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Has anyone had a home birth for a first baby?

(190 Posts)
HBStowe Thu 11-Apr-19 06:56:21

And if so, what was it like?

I don’t know if IABU to even consider this...

(Also not actually pregnant yet, just trying! So have no idea how I will feel when actually pregnant)

Dreamingofkfc Thu 11-Apr-19 07:03:11

Yes. It was great. Fairly long labour but I had good support and was very comfortable in my own surroundings.

Scottishgirl85 Thu 11-Apr-19 07:05:08

No experience of home birth but I have 2 children. Honestly, I wouldn't risk it in a million years, especially for your first. You'll have people telling you it worked for them, but you have no idea how your baby or your body will cope in labour. It's a huge unnecessary risk in my opinion. It also depends a lot on how far you live from hospital. I wouldn't even think about it just now, you may have a higher risk pregnancy and not be eligible anyway.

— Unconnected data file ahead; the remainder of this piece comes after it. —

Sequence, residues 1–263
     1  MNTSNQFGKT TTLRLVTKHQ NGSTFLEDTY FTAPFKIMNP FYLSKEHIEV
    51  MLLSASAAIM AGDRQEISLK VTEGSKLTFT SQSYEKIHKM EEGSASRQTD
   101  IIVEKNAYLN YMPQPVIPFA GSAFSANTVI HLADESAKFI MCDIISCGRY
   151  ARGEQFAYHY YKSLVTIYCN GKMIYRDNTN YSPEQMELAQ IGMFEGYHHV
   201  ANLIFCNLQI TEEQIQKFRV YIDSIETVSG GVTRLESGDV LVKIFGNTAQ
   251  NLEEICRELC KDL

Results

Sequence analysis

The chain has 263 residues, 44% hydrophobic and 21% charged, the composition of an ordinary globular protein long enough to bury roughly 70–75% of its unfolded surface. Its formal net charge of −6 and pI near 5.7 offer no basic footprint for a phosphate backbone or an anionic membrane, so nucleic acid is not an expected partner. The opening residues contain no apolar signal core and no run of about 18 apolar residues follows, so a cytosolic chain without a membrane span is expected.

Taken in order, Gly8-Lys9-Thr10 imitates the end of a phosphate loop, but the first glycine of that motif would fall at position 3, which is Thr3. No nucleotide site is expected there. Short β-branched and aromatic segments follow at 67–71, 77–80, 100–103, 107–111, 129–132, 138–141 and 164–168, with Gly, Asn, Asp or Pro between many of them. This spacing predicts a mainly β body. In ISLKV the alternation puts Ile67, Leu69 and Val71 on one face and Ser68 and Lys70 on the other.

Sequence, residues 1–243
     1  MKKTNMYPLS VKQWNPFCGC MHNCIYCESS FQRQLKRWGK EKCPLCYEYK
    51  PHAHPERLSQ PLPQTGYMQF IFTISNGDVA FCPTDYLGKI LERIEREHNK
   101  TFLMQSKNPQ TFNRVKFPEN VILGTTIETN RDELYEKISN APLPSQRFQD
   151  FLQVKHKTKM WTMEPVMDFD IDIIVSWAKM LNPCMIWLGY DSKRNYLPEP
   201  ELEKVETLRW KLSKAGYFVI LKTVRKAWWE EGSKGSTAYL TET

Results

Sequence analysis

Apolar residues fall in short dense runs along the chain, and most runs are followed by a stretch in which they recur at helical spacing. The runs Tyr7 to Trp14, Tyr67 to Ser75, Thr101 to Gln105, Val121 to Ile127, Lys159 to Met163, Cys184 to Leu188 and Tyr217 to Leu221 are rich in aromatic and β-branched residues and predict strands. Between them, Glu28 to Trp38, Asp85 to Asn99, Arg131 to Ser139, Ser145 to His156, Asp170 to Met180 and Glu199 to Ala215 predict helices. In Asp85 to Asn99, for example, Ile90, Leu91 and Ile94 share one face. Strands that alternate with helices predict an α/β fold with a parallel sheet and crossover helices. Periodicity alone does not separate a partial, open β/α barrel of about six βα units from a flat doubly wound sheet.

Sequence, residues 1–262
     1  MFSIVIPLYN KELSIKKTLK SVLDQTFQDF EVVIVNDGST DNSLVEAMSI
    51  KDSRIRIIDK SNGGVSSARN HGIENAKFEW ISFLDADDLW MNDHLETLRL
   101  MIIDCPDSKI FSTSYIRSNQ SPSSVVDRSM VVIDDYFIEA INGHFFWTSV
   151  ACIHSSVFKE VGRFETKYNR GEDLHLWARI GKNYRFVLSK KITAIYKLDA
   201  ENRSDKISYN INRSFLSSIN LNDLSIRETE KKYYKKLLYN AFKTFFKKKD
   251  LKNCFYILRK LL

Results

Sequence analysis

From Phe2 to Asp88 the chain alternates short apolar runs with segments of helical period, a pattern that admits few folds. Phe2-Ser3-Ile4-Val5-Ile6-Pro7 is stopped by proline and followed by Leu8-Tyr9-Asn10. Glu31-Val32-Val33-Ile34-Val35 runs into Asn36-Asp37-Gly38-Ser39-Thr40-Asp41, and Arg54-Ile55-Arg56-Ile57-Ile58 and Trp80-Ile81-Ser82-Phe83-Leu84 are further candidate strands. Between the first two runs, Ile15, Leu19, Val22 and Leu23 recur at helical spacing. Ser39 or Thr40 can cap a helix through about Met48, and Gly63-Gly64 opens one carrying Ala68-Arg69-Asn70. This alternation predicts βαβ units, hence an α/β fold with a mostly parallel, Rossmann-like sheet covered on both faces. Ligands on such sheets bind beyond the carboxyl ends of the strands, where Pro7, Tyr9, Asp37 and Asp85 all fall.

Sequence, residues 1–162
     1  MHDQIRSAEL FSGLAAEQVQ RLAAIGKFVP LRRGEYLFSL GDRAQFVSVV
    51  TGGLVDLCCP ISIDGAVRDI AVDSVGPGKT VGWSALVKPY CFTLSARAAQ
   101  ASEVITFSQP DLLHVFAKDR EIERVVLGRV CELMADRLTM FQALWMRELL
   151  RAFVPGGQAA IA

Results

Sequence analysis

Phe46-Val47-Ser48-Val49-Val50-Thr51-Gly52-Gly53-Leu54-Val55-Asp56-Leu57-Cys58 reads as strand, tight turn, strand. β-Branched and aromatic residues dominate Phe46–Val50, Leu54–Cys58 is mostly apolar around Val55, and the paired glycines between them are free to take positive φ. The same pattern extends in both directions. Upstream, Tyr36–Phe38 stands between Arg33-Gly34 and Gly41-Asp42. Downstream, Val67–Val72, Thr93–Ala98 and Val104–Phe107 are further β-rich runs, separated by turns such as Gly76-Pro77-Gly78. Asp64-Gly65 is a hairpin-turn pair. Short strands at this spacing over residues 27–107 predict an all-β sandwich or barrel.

Yerroblemom1923 Thu 11-Apr-19 07:06:23

Yes, v swift. Midwives only just made it. Highly recommend it if you're healthy and low-risk then go for it. I did a lot of reading and research and felt fully prepared. My thinking was that I wasn't ill, I was just having a baby, so why would I be in hospital?

NaToth Thu 11-Apr-19 07:06:24

I did, back in the day. Very straightforward.

GeorgieTheGorgeousGoat Thu 11-Apr-19 07:07:56

I did, wonderful experience. I had all of mine at home in the end.

HBStowe Thu 11-Apr-19 07:21:24

Thanks everyone! It’s good to hear some positive experiences (but also totally understand the concerns some have!).